Beijing plans to junk most of its foreign-made technology and switch to homegrown hardware and software, Bloomberg reports:
China is aiming to purge most foreign technology from banks, the military, state-owned enterprises and key government agencies by 2020, stepping up efforts to shift to Chinese suppliers, according to people familiar with the effort. […]Foreign suppliers may be able to avoid replacement if they share their core technology or give China’s security inspectors access to their products, the people said. The technology may then be seen as safe and controllable, they said.China ranks second behind the U.S. in technology spending, with outlays rising 8.1 percent to $182 billion last year, according to research firm IDC. The U.S. spent $656 billion, a 4.2 percent increase over 2012.The push to develop local suppliers comes as Chinese regulators have pursued anti-trust probes against western companies, including Microsoft and Qualcomm Inc. Recent months have seen Microsoft’s China offices raided, Windows 8 banned from government computers and Apple Inc. iPads excluded from procurement lists.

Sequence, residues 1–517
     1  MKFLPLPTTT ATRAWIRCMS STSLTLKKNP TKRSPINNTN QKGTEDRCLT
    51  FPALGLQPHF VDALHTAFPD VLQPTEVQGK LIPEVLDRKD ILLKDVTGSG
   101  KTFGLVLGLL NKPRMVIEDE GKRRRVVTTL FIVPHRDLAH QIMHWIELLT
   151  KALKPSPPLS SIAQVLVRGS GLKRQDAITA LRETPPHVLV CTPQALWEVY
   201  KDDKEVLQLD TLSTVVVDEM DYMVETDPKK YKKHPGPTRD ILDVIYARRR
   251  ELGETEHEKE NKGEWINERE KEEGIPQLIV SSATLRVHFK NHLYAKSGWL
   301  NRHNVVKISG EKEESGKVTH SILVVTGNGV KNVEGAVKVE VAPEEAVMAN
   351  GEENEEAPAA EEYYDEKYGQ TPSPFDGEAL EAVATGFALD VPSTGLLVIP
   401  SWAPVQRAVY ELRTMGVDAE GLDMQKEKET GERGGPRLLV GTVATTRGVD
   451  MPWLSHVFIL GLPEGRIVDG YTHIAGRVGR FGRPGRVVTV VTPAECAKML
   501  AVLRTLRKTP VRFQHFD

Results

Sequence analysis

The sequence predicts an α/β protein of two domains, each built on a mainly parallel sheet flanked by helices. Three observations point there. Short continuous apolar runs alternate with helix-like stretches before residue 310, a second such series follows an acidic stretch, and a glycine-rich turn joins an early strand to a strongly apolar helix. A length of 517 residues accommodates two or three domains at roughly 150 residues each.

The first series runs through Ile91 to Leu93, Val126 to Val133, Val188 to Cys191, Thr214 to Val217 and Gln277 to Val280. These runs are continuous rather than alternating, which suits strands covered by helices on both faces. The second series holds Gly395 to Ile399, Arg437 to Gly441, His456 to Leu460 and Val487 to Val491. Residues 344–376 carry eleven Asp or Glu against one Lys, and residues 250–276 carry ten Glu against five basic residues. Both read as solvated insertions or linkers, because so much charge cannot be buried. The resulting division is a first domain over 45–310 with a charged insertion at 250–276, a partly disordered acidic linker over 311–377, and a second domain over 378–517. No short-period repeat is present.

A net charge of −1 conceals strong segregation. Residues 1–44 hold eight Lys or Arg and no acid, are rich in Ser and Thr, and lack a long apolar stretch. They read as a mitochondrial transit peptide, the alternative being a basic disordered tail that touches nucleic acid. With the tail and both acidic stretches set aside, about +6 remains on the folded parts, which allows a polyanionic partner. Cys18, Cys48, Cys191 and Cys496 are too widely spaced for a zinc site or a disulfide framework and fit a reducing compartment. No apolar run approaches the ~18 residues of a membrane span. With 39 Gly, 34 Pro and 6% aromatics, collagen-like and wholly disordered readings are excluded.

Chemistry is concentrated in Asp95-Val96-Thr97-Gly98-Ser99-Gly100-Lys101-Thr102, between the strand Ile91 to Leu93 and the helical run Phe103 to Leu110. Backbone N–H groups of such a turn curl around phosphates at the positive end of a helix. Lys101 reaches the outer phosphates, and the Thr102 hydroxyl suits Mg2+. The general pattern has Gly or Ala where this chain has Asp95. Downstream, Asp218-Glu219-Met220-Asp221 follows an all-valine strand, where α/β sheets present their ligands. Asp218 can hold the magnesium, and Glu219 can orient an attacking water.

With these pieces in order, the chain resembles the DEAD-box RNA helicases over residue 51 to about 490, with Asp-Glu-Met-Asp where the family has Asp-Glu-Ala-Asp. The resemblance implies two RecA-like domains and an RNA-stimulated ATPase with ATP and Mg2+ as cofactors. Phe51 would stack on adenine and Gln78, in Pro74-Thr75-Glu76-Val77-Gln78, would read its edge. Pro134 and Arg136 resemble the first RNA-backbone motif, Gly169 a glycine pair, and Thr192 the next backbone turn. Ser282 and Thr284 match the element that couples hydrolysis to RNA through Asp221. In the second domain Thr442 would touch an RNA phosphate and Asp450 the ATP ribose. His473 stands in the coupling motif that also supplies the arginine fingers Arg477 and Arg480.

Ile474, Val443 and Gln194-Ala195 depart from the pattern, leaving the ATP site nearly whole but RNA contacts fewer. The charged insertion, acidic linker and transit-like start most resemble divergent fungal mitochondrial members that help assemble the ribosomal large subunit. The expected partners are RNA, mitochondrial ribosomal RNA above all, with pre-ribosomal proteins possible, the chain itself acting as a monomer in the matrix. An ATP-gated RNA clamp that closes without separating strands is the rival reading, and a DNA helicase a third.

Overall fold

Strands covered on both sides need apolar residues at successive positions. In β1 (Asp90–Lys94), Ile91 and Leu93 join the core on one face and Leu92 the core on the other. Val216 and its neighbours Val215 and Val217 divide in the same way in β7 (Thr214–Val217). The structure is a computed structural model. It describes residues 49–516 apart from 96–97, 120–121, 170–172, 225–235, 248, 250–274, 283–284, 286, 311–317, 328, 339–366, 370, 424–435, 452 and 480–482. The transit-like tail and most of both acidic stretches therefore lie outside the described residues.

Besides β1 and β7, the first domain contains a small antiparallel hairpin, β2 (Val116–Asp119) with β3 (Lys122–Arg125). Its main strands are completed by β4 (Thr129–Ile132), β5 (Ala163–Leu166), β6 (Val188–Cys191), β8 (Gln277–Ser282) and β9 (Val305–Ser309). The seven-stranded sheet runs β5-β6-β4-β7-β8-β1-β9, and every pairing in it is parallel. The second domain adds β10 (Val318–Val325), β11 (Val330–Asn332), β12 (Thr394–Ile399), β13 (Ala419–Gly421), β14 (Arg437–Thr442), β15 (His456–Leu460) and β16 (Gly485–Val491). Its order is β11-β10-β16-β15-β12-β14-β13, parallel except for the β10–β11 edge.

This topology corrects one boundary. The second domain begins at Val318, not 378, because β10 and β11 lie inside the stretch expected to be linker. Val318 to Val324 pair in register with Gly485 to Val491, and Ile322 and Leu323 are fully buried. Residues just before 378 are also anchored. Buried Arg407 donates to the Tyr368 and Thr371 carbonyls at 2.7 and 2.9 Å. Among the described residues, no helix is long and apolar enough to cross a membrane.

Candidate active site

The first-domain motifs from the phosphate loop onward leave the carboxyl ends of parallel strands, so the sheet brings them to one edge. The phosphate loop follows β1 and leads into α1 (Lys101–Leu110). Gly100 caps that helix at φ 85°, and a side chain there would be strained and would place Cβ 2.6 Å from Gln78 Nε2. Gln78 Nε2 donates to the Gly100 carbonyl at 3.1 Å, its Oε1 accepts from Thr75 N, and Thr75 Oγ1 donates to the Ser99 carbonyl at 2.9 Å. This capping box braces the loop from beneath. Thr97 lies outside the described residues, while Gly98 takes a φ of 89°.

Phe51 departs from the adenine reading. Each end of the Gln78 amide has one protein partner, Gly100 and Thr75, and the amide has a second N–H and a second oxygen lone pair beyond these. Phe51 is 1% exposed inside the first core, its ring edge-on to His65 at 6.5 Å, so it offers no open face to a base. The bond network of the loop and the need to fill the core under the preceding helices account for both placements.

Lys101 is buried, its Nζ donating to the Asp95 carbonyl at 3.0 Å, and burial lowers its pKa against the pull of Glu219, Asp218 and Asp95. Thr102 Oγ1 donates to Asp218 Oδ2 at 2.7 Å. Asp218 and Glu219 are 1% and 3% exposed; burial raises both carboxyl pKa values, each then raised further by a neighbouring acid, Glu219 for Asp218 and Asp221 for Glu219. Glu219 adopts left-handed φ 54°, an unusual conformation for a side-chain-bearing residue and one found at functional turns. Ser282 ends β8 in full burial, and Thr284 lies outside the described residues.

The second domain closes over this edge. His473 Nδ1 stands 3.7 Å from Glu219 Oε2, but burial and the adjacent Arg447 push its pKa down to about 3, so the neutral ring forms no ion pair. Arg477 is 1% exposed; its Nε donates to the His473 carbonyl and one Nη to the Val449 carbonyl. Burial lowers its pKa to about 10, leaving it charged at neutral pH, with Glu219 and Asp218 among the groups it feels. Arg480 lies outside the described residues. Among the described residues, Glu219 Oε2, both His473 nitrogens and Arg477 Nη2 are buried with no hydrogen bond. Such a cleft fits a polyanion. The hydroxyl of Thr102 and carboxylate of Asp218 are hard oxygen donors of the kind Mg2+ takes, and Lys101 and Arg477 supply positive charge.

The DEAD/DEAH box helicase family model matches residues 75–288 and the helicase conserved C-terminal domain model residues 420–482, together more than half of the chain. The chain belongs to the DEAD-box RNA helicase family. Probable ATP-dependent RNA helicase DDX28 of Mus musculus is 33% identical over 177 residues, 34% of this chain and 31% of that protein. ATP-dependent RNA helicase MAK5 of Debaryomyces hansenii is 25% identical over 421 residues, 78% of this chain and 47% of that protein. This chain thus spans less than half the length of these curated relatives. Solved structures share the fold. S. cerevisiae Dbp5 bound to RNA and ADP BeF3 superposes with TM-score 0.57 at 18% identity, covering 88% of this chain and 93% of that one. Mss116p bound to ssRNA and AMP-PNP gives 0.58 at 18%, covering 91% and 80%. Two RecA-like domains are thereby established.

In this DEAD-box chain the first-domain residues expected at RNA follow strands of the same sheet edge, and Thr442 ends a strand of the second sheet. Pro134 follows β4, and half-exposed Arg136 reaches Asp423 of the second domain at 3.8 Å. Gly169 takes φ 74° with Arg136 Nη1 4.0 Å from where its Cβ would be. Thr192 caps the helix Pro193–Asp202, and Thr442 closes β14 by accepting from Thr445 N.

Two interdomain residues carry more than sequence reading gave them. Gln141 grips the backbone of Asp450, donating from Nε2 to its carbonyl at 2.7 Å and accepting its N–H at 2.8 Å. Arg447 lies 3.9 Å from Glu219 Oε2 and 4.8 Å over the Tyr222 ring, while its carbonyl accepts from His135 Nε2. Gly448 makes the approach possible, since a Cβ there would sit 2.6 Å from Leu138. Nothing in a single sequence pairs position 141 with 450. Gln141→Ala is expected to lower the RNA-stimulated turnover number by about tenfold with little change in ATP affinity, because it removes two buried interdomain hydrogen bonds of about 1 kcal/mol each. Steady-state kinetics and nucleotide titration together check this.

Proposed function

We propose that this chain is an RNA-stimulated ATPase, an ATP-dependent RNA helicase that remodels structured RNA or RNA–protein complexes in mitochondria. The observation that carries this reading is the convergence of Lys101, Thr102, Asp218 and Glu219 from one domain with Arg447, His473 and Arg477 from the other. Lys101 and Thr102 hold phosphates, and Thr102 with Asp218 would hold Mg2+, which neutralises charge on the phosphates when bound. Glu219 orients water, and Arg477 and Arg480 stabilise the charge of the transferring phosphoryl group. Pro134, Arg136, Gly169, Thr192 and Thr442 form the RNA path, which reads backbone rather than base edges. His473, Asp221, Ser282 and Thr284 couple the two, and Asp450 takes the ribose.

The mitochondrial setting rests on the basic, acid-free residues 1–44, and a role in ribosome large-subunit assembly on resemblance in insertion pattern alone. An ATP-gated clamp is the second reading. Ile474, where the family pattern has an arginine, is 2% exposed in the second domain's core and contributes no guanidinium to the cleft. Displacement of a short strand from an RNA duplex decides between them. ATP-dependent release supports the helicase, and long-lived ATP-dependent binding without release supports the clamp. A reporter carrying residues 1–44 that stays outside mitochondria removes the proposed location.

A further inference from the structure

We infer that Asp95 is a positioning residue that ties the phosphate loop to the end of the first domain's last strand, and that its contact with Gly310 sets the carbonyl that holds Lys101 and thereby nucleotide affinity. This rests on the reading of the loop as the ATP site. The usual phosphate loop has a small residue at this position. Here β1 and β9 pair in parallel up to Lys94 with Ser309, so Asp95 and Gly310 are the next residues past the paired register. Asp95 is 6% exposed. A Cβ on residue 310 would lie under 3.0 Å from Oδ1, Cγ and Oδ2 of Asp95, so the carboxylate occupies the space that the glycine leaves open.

As Bloomberg notes, this move is also a reaction to the Snowden revelations, which disclosed that Western technology firms are frequently complicit in U.S. spying efforts. (Microsoft, for example, was revealed to have accommodated NSA requests).China is not the first or only country to consider policy measures for minimizing the information security risk of using foreign technology for key state functions—Russia, for example, has made noises about this too. But unlike Russia, China may actually have the capacity to follow through with it, as the example of telecom giant Huawei demonstrates. It might be expensive and it won’t happen overnight, but Beijing has decided that further developing its own high-tech sector is worth the price—not only to avoid American eyes, but also for the spillover benefits it will have for China’s military and industrial growth.